The Life & Legend of an Outlaw
154 pages. 24 pages of illustrations from medieval manuscripts, early modern books, and Victorian penny dreadfuls. Bibliography and index.
This book is not a biography of Robin Hood, since a biography of a legend would be impossible. Instead, this is a history of the legend of Robin Hood, showing the earliest surviving mentions of Robin Hood and charting how the legend grew and was modified over the centuries.
As the author explains, while there are candidates who might be the 'historical' Robin Hood, we shall probably never know if there was a real Robin Hood. What we do know is that the legend of a robber was already established in popular culture by the 14th Century, but without many of today are considered key elements of the legend: he didn't take from the rich to give to the poor, there was no Maid Marian, and he was not associated with any particular king or woods.
So how did Robin Hood become an Anglo-Saxon hero, the champion of the poorer classes, consort of Maid Marian (rather than Matilda or Clotilda!), dweller in Sherwood Forest, and associated with Richard the Lion-Hearted? Was he a veteran of the Crusades, or sent off to the wars in France to atone for his crimes? Did he die by treachery?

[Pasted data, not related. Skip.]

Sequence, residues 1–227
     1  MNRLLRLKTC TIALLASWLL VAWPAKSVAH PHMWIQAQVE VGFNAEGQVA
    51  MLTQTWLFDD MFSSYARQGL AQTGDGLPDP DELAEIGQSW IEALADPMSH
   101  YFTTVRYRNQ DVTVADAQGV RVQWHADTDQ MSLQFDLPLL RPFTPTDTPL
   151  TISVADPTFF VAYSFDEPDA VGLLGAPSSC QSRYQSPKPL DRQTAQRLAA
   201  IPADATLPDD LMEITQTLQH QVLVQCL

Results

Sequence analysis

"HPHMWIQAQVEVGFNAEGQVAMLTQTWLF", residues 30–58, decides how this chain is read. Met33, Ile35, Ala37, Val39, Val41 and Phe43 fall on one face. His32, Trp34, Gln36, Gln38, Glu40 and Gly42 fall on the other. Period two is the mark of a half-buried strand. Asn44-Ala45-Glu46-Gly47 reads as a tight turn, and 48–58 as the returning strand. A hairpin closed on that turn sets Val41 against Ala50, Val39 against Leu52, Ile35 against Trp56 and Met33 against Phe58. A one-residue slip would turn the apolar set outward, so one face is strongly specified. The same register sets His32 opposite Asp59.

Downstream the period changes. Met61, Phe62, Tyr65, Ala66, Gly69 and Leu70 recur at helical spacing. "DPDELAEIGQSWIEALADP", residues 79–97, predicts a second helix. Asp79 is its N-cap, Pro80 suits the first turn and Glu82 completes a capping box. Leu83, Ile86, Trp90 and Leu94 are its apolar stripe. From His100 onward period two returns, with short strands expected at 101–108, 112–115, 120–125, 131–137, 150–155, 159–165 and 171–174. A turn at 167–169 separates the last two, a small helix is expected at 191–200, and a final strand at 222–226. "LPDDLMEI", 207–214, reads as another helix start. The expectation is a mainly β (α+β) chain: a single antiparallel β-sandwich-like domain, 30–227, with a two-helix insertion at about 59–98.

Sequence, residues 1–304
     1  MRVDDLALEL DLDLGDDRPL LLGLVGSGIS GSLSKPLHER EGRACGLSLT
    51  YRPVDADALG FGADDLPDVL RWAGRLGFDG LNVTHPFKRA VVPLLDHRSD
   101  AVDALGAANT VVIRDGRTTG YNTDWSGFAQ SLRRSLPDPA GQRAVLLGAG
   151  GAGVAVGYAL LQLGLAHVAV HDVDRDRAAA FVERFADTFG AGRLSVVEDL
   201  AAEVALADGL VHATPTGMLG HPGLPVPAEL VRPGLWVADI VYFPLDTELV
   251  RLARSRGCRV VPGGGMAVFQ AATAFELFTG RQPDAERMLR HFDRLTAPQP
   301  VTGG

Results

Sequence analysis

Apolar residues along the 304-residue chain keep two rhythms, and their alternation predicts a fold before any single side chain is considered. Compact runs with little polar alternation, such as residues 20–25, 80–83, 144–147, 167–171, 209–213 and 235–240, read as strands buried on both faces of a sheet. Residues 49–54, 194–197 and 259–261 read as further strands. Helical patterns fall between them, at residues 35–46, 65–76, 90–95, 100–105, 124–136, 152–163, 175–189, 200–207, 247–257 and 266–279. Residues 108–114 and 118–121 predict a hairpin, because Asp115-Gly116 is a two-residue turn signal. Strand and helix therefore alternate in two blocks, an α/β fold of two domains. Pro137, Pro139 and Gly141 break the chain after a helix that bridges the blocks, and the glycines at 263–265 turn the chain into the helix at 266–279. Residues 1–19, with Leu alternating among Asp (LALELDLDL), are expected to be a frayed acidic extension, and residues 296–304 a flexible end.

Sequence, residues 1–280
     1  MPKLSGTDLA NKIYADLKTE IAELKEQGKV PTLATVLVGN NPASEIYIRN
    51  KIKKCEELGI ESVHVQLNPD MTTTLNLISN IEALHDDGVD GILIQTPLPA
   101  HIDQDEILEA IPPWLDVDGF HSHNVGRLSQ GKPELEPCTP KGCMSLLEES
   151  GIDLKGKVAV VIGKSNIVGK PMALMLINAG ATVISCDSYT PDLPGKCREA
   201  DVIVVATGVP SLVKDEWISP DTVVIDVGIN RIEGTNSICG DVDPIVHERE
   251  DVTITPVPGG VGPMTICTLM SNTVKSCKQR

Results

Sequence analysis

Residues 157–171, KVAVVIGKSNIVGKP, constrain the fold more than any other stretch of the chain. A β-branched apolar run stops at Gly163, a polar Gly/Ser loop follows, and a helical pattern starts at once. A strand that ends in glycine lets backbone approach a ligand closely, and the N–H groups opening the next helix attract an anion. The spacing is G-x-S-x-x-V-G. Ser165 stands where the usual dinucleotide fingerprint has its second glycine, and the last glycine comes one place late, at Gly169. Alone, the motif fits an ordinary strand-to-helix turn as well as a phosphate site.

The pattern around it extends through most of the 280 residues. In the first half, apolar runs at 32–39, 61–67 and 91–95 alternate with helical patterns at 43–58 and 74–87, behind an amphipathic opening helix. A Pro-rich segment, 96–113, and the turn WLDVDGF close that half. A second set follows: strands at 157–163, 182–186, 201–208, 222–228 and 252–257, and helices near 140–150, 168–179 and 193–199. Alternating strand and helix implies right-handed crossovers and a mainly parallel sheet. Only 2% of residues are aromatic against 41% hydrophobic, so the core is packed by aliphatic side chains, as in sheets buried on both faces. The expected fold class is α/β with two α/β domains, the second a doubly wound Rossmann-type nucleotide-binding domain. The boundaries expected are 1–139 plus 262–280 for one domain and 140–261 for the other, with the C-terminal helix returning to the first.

As the author lays out, the legend grew over the centuries as culture (and print technology) grew – from village plays to stage plays, from folk songs to ballads (many preserved by antiquarians), notably memorialized in Sir Walter Scott's novel Ivanhoe, popularized in cheap Victorian penny dreadfuls, and eventually adopted by television and Hollywood.
Along the way, the legend was often shaped for the purposes of those who were telling it. Was Robin Hood a revolutionary, or did he stand ultimately for the status quo? His story was told (and shaped) by democrats, monarchists, socialists, and admirers of the French Revolution! The author does a good job of digging down into the motives of those who told and retold the story.
The final chapters show how the legend was then taken up by Hollywood, in film and television, where it was shaped again by American pre-WWII values (in the famous 1938 film with Errol Flynn), and even by blacklisted American 'Communists' (writing for British TV).
Previously available in hardback, coming soon in paperback.
The author does a wonderful job of showing how a legend is shaped over centuries. Recommended.
Reviewed by Editor in Chief Bill .